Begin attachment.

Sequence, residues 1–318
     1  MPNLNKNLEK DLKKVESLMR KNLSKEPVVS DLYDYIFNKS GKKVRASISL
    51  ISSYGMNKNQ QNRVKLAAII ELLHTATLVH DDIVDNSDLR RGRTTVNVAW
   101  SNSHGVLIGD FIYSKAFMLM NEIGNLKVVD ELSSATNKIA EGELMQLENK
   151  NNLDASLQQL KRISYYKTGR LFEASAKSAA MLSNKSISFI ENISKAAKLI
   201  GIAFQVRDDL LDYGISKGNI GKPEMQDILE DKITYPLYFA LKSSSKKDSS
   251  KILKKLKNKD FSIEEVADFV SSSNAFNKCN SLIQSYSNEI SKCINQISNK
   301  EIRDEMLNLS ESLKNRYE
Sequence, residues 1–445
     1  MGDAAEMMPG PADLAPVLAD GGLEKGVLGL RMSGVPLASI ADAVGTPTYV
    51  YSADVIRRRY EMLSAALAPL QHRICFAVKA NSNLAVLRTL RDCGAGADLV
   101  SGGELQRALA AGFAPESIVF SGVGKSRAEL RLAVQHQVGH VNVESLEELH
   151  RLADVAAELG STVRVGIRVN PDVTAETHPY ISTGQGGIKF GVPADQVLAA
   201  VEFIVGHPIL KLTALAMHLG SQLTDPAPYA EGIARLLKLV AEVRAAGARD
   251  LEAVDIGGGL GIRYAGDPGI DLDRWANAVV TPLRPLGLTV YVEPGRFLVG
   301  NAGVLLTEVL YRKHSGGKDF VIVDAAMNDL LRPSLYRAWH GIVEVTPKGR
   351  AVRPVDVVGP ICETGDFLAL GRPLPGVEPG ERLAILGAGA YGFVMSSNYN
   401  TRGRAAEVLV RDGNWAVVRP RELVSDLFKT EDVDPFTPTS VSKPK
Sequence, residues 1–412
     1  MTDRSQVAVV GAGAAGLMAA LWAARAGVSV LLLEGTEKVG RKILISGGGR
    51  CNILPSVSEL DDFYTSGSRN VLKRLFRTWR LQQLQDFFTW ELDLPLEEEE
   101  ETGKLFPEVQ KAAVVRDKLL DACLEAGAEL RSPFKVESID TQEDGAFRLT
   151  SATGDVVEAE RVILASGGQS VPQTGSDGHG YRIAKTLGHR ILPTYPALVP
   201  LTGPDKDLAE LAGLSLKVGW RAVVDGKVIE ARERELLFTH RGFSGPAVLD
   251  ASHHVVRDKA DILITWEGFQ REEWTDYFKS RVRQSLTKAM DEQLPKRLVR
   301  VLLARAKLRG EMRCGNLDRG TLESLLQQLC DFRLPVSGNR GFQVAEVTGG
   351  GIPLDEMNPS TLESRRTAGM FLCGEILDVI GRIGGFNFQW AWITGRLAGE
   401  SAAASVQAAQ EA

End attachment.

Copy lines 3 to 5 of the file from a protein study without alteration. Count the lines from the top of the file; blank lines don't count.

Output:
    51  ISSYGMNKNQ QNRVKLAAII ELLHTATLVH DDIVDNSDLR RGRTTVNVAW
   101  SNSHGVLIGD FIYSKAFMLM NEIGNLKVVD ELSSATNKIA EGELMQLENK
   151  NNLDASLQQL KRISYYKTGR LFEASAKSAA MLSNKSISFI ENISKAAKLI